Politico is reporting that New Hampshire and maybe Nevada will be the first of the 2024 Democratioc Presidential primary state’s…
Iowa had serious trouble with their caucus system in 2020 and Democrats want to move away from the caucus system’s anyways…
New Hampshire would present the same issue as Iowa on another point….
Most of the Democratic vote comes from minorities…
New Hampshire mirror’s Iowa in lacking substantial Black, Brown and Yellow voters ….
(Biden won them and the nomination)
Nevada has a better mix….
Small states give contenders face to face time that larger state’s do not….
Later in the process when the number of candidates are widdled down?
They enter a Secret Service and media bubble….
The Democratic National Committee (Party) has a tough one on it’s hands….
But the process needs adjusting…..
New Hampshire is the leading contender to replace Iowa at the beginning of the Democratic presidential calendar, according to interviews with more than a dozen Democratic power brokers who are involved in the party’s bid to reorder its nominating process.
The demise of Iowa as the first caucus state isn’t official yet. But conversations with state party chairs, members of the Democratic National Committee’s Rules and Bylaws Committee and key political operatives familiar with the process revealed that New Hampshire holds a number of major advantages as the DNC begins the process of remaking the path to the party’s presidential nomination. A decision is expected from the DNC rules committee by mid-July, after state parties submit formal applications and make presentations to the panel by late June….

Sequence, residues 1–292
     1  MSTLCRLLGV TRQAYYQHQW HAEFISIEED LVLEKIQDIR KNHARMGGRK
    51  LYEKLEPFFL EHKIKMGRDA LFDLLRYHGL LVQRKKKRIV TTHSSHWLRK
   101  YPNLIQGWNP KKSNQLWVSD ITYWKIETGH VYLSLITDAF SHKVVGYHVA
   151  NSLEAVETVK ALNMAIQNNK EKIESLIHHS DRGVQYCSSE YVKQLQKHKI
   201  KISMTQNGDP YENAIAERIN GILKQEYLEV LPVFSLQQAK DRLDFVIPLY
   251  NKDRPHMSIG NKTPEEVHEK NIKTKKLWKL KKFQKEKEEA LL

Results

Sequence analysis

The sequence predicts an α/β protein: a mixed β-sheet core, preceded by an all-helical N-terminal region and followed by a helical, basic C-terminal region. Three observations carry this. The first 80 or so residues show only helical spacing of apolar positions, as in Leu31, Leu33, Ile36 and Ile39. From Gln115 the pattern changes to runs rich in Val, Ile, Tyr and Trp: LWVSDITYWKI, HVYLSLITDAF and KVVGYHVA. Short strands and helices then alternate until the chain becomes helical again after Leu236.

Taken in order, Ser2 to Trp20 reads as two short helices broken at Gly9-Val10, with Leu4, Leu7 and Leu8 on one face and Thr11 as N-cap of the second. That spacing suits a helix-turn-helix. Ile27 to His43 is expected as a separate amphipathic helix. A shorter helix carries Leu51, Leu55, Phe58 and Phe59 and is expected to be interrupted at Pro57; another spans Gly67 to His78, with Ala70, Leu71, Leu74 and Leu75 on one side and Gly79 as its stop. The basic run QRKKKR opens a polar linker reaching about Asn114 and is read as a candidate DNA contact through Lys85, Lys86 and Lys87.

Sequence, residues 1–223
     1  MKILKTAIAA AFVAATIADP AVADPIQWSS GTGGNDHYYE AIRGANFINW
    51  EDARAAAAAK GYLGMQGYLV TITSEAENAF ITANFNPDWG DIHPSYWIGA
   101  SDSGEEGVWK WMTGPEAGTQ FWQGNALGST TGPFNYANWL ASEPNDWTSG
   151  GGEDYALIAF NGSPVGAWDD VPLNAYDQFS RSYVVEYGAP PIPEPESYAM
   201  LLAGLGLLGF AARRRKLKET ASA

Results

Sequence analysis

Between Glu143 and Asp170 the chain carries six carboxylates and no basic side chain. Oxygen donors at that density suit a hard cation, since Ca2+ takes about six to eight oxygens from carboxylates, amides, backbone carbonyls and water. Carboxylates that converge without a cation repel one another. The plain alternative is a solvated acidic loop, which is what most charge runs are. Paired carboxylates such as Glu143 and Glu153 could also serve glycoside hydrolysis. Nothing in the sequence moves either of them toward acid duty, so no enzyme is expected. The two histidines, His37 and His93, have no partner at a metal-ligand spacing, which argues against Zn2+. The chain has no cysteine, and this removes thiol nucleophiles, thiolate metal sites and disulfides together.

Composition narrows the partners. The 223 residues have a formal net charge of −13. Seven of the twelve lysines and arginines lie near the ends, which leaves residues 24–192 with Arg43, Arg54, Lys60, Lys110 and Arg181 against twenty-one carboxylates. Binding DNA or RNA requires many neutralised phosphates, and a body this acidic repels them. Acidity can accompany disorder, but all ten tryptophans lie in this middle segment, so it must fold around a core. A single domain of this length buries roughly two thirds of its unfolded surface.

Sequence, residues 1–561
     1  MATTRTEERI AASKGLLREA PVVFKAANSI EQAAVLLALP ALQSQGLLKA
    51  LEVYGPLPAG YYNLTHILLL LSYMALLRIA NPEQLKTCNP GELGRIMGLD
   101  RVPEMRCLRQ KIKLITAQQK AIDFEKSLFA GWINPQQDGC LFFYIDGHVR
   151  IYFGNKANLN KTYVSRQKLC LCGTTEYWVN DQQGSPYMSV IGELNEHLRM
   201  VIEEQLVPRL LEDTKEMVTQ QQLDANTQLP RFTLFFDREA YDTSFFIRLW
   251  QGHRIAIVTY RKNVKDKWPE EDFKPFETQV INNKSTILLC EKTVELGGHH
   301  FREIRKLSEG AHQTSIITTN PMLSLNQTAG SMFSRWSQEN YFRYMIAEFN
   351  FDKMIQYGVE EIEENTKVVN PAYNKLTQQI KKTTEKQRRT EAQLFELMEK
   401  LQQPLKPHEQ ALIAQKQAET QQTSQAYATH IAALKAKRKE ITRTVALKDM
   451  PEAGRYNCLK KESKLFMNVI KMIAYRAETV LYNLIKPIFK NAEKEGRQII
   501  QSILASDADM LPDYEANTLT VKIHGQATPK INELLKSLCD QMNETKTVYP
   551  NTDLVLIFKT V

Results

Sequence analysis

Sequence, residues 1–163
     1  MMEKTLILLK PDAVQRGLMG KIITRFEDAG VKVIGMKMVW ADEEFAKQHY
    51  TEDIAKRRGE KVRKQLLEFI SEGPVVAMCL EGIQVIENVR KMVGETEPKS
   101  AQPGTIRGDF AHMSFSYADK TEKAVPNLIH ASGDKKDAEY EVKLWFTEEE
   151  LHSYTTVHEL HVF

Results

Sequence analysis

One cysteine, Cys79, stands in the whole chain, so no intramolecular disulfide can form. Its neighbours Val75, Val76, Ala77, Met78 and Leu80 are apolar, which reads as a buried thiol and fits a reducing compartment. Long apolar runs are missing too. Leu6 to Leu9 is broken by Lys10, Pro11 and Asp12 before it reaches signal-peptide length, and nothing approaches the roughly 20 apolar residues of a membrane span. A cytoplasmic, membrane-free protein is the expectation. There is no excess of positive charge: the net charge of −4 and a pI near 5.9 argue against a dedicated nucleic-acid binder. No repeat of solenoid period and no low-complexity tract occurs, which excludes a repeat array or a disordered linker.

“I think there will be a lot of support to keep a New England primary and probably in New Hampshire,” said Tim Jerman, a DNC member from Vermont. “Who wants to start from scratch now to rebuild the wheel they have perfected?”
Massachusetts Democratic Party Chair Gus Bickford said that “New Hampshire has an ally in Massachusetts,” while the Rhode Island Democratic Party also confirmed it would not be applying for an early spot.
The factors aligned in New Hampshire’s favor could mean the state that has long gone second — maintaining the first-in-the-nation primary, after the Iowa caucuses — starts in the best position to take advantage of a calendar shakeup.
But New Hampshire’s lack of racial diversity is a serious potential stumbling block for the state, given the priority the DNC’s rules committee has put on making sure its early-state lineup is diverse — and the criticism from both inside and outside the party to increase the early-state window’s racial diversity to reflect the party’s base voters. New Hampshire’s population is 90 percent white, per the U.S. Census Bureau. That’s also been one of the reasons behind the push to remove Iowa, which is 85 percent white, from the beginning of the Democratic presidential calendar.
It’s one of the main factors opening the door to Nevada, another early state that’s lobbying for the first slot. People of color make up the majority in Nevada, a state that also has a large union presence, and in 2021, Democrats changed their presidential contest from a caucus to a primary, a reflection of the party moving away from caucuses altogether. And the Democratic-controlled Legislature has also implemented broad access to the ballot, while New Hampshire does not allow for in-person early voting or no-excuse absentee voting…